And there’s the rub (hur hur hur): the Unabridged is a work in progress. We’ve already changed thousands of entries, but there are, as our Director of Defining has put it, “no doubt many more excitingly offensive things to be discovered.”

Lexicographers like to remind people often and loudly that a dictionary is a record of the English language as it is used–and it is, fully and totally, from its entry list to the language used in the definitions. That’s why I cringe when people tell me they prefer to cite Webster’s 1828 or Webster’s Second when discussing what words mean today. Both those dictionaries are perfectly serviceable and scholarly dictionaries of their day, but the sun set on that day a long time ago. By all means, love your old dictionaries–cherish them for the works of art that they are, keep them around to remind you of days gone by–but maybe don’t look up “Negrito” in them.

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“God,” Guns, and Group Defining

When people want to make small talk with me—before they realize that I am terrible at it and not worth the time and effort—they will ask what I do, and then sometimes respond with, “So, you pretty much know everything, right?”

I have just taken to smiling wearily and saying, “Yes, I know everything.” I have teenagers, and often enough they are happy to disabuse those people of this asinine notion.

No one knows everything, and lexicographers are just like the rest of humanity (only slightly quieter and perhaps a little more openly deranged). There you are as a lexicographer, minding your own business with “harpy,” when you scan downscreen to your next word and encounter “harquebus” in all its Francophonic glory. You flip through your mental card catalog of Words I Have Seen, find the one labeled “harquebus,” and find your memory has only written, “from a novel, maybe Count of Monte Cristo? Is that a novel? SEE ALSO: sandwiches I have loved.”

Fortunately, the lexicographer doesn’t have to rely on this mental catalog. The lexicographer relies on citations. But what do you do when the citations are less than helpful? Here, for instance, the citations are all variants on “She pulled a harquebus from her corset/stomacher/stocking and shot him dead,” which gives you nothing besides a genus term for your definition (“a gun”) and a ten-minute respite as you ponder whether a gun would even fit inside a corset—or good Lord, a stocking, wouldn’t stockings fall down or even tear under the weight of a what’s-a-hoozy—harquebus? And why are heroines in these novels always pulling weapons from their underwear, anyway?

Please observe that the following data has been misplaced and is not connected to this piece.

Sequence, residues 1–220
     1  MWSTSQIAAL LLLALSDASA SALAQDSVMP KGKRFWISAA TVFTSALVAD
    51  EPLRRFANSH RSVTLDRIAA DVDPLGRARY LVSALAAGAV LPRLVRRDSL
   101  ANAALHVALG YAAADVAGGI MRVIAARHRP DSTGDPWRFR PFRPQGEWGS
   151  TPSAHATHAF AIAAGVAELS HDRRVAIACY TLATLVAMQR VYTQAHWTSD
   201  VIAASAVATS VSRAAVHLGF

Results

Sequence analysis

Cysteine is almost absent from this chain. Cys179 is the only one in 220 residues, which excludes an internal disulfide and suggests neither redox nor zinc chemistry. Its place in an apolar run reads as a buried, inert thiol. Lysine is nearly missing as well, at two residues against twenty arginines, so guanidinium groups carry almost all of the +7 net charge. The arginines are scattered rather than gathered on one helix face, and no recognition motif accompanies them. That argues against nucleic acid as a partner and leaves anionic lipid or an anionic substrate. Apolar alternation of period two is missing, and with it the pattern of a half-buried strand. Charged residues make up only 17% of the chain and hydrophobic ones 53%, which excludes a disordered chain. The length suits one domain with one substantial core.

You return to the citations with a sigh and a determination to carefully study the cover of the next trashy novel you see, just to observe whether the buxom, swooning lass’s dress has pockets in it or not.

The problem with “harquebus” is not just that the citations are maddeningly vague and all pulled from Harlequin novels. The fact is that the word “harquebus” refers to a very specific thing, and you need to know a bit about the thing “harquebus” in order to define the word “harquebus.” Or, at the very least, you need to know enough about the thing to know whether these particular uses for the thing are valid.

You do not know that. But fortunately, there’s a guy on the editorial floor with a thing for Renaissance-era weaponry, and he will know.

You know he knows because of a précis of wonder and beauty: the Specialized Subjects list. This is a document that tells you everything that every editor on the floor knows. It is full of surprises and is one of the best ways to get to know your co-workers without having to actually talk to them. Of course the senior etymologist “has at least superficial familiarity with most European languages, best within Slavic, Celtic, and Germanic,” but did you know that he also is  a mushroom-picking philatelist? Likewise, our French editor is a weapons enthusiast. The quiet health nut, it turns out, loves cigars. I know about the 9th-century Latin Mass, knitting, and muscle cars.

The list is handy for general definers who are stuck with “hot rod,” but it’s also handy for the Director of Defining, who uses it when a group of words (say, music theory terms) should be defined by someone with superior knowledge of the subject. Welcome to “group defining,” the ever-deepening hole into which you daily and hourly dig yourself by proclaiming that you have any knowledge of any subject whatsoever. For the new Unabridged Dictionary, I have been given, as a group definer, all the religion terms. This is what an interdisciplinary degree and a penchant for reading and marking books like “Freethinkers: A History of American Secularism” will get you: a batch for revision that is about 10,000 entries long. (I’m one-sixth of the way through and am currently stuck on the entry for “god.” See you in whichever afterlife destination you feel like condemning me to.)